Resaca" ("The Undertow"), about the exploitation
of Puerto Rican sugar workers in the 1930s, are staples of literature
courses on the island.
In "La Llamarada," Laguerre's protagonist describes
workers as they wait to be paid what little money is not taken
out of their salaries by the company store:
"Next to me a sad, discolored hillbilly took out a penny.
He contemplated it a long time. Then he put it back in his pocket.
The boy selling the brown sweets came up to offer them. The man
doubted. He put his hand in the pocket, caressed the miserable
coin and wrinkled the space between his eyebrows, thinking perhaps
of his worsening misfortune, the nakedness of his children. He
shook his head from shoulder to shoulder, saying to the kid, 'I'm
telling you, no!' And he started to whistle a bit to scare away
the grief and the pain."
"Solar Montoya" ("Montoya's Plot") deals with
Puerto Rican coffee growers and "Ceiba en el Tiesto"
("Silk-cotton Tree in the Flowerpot") is about the emigration
of islanders to the United States. "Cauce sin Rio" ("Riverbed
Without a River") examines the island's transformation from
an agrarian to industrial center.
"They are important works, enriched with the words of Puerto
Rico and the culture of the different regions," said Ricardo
Alegria, director of the Center for Advanced Studies of Puerto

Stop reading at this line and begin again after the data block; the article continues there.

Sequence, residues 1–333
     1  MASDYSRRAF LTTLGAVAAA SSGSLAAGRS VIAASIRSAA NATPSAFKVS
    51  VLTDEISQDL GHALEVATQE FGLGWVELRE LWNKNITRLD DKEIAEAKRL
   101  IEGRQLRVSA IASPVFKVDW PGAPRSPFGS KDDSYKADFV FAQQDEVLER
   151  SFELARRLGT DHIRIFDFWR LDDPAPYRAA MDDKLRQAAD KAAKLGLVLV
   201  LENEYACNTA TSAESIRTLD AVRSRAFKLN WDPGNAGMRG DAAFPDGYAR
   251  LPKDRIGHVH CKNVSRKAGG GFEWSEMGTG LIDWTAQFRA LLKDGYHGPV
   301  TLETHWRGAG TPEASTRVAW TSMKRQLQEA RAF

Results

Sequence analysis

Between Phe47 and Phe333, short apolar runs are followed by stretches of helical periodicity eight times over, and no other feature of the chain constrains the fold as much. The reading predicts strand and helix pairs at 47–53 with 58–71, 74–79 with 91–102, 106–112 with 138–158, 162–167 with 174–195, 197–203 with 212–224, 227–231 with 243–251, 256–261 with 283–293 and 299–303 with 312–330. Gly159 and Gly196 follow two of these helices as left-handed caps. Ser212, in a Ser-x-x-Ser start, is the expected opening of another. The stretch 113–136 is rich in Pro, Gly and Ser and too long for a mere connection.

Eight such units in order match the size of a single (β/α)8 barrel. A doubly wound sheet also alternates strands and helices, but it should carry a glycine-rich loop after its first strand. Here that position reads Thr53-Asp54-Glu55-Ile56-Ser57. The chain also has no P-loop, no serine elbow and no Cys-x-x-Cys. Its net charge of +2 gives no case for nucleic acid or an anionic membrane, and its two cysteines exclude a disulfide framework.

Rico and the Caribbean.
Laguerre was born in rural Moca, Puerto Rico, during the period
when the United States was trying to "Americanize" its
new colony by requiring that schools teach all subjects in English
to their Spanish-speaking pupils.
"Like all of the scholars of those times, I am a product
of that absurd schooling," he said in a recent autobiographical
article. "Over time, I had to re-educate myself by way of
He wrote - and burned - three novels before a university professor
encouraged him to publish "La Llamarada" at age 25.
With his work, "the Puerto Rican novel stops being a mere
projection of the traditional European novel," wrote critic
Josefina Rivera de Alvarez in her "Dictionary of Puerto Rican
"Laguerre focuses ... on the problems of our countrysides,
our villages and our cities, but amplifying his vision with an
ever-broadening technique," she said.
Former governors Rafael Hernandez Colon and Luis A. Ferre (novelist
Rosario Ferre's father) have sent letters to Stockholm backing
Laguerre's nomination. So have the presidents of Puerto Rico 's
The chairman of the culture committee in the island's house of
representatives urged all 78 municipalities to send their endorsements.
The Puerto Rico Federation of Teachers and the island's main
trade unions have joined the call.
But Alegria acknowledged such grassroots efforts are unlikely
to sway the academy.
"It's always been hard for our country to make known our
culture to those kinds of bodies because it's always the diplomats
who serve as publicity agents," he said. As a United States
territory, "we lack a diplomatic corps."
No matter, said Laguerre.
"To know that my people have listened to me, that's the greatest
prize I could ever get," he said.